In Nevada, a landlord can evict a tenant for violating the lease or rental agreement--for example, by having pets when none are allowed, parking in an unauthorized parking space, or willfully damaging the rental unit.
This article will explain the procedures a landlord must follow when evicting a tenant who has violated the lease agreement, according to the Nevada Revised Statutes.
The landlord must give the tenant two eviction notices if the tenant has violated the lease agreement. The first eviction notice can be given to the tenant as soon as the landlord is aware that the tenant has violated a portion of the lease agreement. This first eviction notice, often called a five-day notice to quit for violation of rental agreement, must give the tenant five days to either fix the lease violation, if possible, or move out of the rental unit (see Nev. Rev. Stat. § 40.2516).
If the tenant does not move out of the rental unit, then the landlord must give the tenant a second eviction notice, called the unlawful detainer notice. This notice must inform the tenant that if the tenant does not move out of the property in another five days, then the landlord will file an eviction lawsuit, or unlawful detainer action, with the court.
The five-day time frames do not include weekends and holidays.
The information included in both eviction notices will be very similar, and should contain the following:
The first eviction notice should also include a statement that the tenant has five days to fix the violation (the notice should specify the exact date by which this must happen) or move out of the rental unit. The Clark County court system has sample eviction notices for lease violations.
The second eviction notice should include a statement that eviction proceedings will begin against the tenant if the tenant does not move out of the rental unit within five days (the notice should specify the exact date by which this must happen). The Clark County court system also has a sample unlawful detainer notice.
The landlord must follow the same rules when serving both eviction notices. There are several options available:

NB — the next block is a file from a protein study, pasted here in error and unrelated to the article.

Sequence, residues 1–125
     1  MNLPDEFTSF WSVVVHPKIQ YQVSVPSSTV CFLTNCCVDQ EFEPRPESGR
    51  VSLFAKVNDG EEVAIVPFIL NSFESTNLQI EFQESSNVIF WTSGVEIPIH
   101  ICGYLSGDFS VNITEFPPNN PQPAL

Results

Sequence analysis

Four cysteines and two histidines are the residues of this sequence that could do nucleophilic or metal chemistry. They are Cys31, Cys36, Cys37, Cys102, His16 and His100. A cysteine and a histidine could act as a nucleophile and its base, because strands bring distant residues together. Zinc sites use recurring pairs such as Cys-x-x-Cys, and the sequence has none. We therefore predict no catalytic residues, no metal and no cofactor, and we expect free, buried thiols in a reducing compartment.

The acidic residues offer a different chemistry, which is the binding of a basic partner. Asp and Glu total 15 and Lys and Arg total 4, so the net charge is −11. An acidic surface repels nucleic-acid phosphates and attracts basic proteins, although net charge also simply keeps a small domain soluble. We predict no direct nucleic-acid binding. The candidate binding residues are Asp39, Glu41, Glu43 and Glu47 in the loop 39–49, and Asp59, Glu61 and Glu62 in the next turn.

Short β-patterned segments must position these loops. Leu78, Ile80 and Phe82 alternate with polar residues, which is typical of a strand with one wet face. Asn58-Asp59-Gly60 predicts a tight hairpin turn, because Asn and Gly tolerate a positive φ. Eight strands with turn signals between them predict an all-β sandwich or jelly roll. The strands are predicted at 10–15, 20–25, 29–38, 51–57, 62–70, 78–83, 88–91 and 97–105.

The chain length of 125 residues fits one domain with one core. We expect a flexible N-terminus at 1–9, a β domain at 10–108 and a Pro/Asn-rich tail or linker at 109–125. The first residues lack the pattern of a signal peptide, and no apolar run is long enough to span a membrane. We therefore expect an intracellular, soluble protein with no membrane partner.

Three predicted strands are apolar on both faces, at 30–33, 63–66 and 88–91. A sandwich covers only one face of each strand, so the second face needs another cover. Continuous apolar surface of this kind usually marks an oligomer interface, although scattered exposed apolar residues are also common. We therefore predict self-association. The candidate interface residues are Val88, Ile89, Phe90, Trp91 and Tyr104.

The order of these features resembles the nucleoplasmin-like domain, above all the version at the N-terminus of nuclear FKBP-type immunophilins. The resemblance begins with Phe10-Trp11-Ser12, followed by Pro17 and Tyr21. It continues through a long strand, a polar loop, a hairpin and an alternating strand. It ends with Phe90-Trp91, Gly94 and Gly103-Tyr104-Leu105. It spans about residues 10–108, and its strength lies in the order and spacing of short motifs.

1. The landlord, or an agent of the landlord, can personally give the notice to the tenant, preferably at the rental unit or at the tenant's place of business. The landlord must have a witness present.
2. If the tenant is not at the rental unit or at the tenant's place of business, the landlord, or the landlord's agent, can give the notice to someone else at either location. The landlord must also then mail a copy to the tenant at either the rental unit or the tenant's place of business. If the landlord mails the notice, the landlord should request a return receipt for proof of mailing.
3. If the landlord does not know where the tenant is currently residing and also does not know where the tenant works, or no one is available at either location to give the notice to, the tenant can post the notice in a conspicuous place at the rental unit (such as taped to the front door of the rental unit). The landlord must also mail a copy to the rental unit. The landlord should request a return receipt when mailing the notice.
For details, see Nev. Rev. Stat. Ann. § 40.280.
A tenant can respond in a variety of ways after receiving an eviction notice for violating the lease agreement:
1. The tenant can fix the violation during the first five-day time period, in which case the landlord may not proceed with the eviction. The landlord does not have to give the tenant the right to fix the violation during the second five-day time period.
2. The tenant can move out of the rental unit. If the tenant moves out of the rental unit but still owes the landlord money for damages, the landlord can use the security deposit to cover any charges owed to the landlord. If the security deposit does not cover the full amount of damages owed to the landlord, then the landlord can sue the tenant for any amount still owed.
3. If the tenant does not fix the violation within the first five days and does not move out of the rental unit after receiving the second eviction notice, then the landlord can file an eviction lawsuit. This lawsuit is also called an unlawful detainer suit.
After the landlord has sent both notices to the tenant and the tenant has not complied with the lease agreement or moved out of the rental unit, then the landlord can file a complaint and summons with the courthouse in the township where the rental unit is located. The landlord must successfully win this lawsuit before the tenant can be evicted.
A sample complaint and summary can be found at the Clark County Court forms website.
It is illegal for the landlord to attempt to remove the tenant from the rental unit without a court order. For example, the landlord cannot change the locks on the rental unit or shut off the utilities to the rental unit. This is often referred to as a "self-help" eviction, and it is illegal in Nevada (see Nev. Rev. Stat. Ann. § 118A.390).
The Clark County court provides a very helpful overview of the eviction process in Nevada. The Las Vegas Constable website also provides useful information about the eviction process in Las Vegas. In addition, Nevada Legal Services, a non-profit legal aid organization, also provides some helpful questions and answers regarding the eviction process.
The Nolo website also has many articles on landlord-tenant relations in Nevada, including illegal eviction procedures in Nevada and tenant defenses to evictions in Nevada. The Nevada charts in the State Landlord-Tenant Laws section of the Nolo website also have useful information. For more eviction articles, see Tenant Defenses to Evictions in Nevada and the Evicting a Tenant or Ending a Lease section of the Nolo site.